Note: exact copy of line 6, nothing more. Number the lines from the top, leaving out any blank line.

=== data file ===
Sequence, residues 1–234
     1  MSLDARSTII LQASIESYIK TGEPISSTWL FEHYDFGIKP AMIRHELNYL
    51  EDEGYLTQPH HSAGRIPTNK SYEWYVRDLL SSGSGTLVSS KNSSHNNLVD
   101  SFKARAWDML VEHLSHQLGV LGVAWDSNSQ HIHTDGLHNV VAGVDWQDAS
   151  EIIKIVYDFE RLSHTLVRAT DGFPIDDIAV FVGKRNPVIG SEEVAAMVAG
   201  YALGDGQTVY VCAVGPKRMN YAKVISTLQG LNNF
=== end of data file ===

   201  YALGDGQTVY VCAVGPKRMN YAKVISTLQG LNNF